A few more steps before the shoot

A model of a story. Photo: Wikimedia Commons   | Photo Credit: mail pics

Last week we saw how screenplay writing is different from other forms of writing and the nuances that go into it. Screenplay is not written at one go. It goes through a lot of fine-tuning. The actual writing starts only after the first draft. A good screenplay goes through several drafts before the final draft. But once the script is frozen, the movie making process gathers momentum.


This is the next stage in the process, but an optional one. It is the pictorial representation of a script. It puts on paper what the director or the writer wants to see on the shot. It serves as a reference for cinematographer, the director and others involved in the production. It comprises better detailing of camera movement and shot sizes. It simply shares the visualisation by the writer or the director with others in the crew. Though sketching a storyboard may seem like a laborious exercise, it will be of great help and significance in choreographing scenes.


Finalising the budget is a key aspect in preproduction process, because budget decides the production value of the film. The finance is decided according to the demands of the script and the choices made in the film making. Budgeting differs from one production house to another.


Casting plays a key role in the success of the film and it mandates a great thought and effort. The traits of the characters – physical, psychological and social - decide the casting. Once the casts are chosen, the crew moves on to a test shoot.


Usually films are not shot in the written order. Shooting of various scenes are rearranged for convenience. Commonly, they are shot in two ways – cast based and location based. Cast-based is when the film is shot according to the availability of the various casts. This scheduling could also happen when a cast has more than one make-up or appearances (say a well-built and a healthy person to a sick and weak person). Location based shots are taken when a film is shot in different locations. Irrespective of scene numbers or order, shots of a particular location are clubbed together and taken.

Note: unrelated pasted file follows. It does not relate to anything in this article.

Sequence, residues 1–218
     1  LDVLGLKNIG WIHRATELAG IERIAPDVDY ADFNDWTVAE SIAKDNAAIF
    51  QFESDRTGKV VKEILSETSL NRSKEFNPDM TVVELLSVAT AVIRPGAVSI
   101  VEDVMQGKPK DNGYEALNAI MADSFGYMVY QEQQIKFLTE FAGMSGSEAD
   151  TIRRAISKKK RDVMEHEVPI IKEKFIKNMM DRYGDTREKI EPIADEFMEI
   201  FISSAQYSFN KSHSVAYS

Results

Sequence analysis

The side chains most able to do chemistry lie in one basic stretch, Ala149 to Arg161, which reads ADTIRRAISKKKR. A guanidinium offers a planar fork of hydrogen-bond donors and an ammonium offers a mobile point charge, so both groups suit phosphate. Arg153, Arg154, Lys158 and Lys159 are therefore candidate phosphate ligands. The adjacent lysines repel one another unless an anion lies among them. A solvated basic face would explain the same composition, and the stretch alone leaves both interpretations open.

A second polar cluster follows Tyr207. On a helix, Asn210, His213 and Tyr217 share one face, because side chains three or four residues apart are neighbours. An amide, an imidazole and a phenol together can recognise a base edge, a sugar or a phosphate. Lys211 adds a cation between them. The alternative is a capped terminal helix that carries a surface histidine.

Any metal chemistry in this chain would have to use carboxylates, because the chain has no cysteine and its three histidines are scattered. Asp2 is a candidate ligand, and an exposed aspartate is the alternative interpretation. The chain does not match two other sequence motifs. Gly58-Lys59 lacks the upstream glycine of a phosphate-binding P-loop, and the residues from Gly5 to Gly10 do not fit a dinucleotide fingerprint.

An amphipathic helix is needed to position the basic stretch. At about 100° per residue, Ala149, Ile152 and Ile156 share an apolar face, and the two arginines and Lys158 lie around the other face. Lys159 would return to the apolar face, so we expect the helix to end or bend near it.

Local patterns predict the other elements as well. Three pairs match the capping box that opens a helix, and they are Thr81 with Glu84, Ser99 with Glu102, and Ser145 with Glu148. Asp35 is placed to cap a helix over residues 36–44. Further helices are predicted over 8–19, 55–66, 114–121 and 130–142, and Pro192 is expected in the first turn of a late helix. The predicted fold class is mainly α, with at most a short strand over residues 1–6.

Scouting a location is done completely based on the demands of the script. A script decides if the particular scene needs indoor/outdoor set or Indoor/Outdoor location. It is important to scout at the right time preferably at a time closer to the shoot. Other factors such as lighting directions and audio pitch (for live sync) should also to be noted.


Once everything is set, the crew sits for a reading. Here the whole script or the parts of the scripts are read by the casts. Rehearsal is usually the final stage in the preproduction process. There are two kinds of rehearsals - those within the cast members and those between departments, particularly camera crew and the cast.

Apart from this, the production may have planning stages for VFX (Video Effects) or any other department exclusives. Once these are finalised, the crew goes for the shoot.

(The writer is an Assistant Professor at the Department of Visual Communication, Loyola College, Chennai)

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Printable version | Oct 21, 2021 5:24:48 PM |

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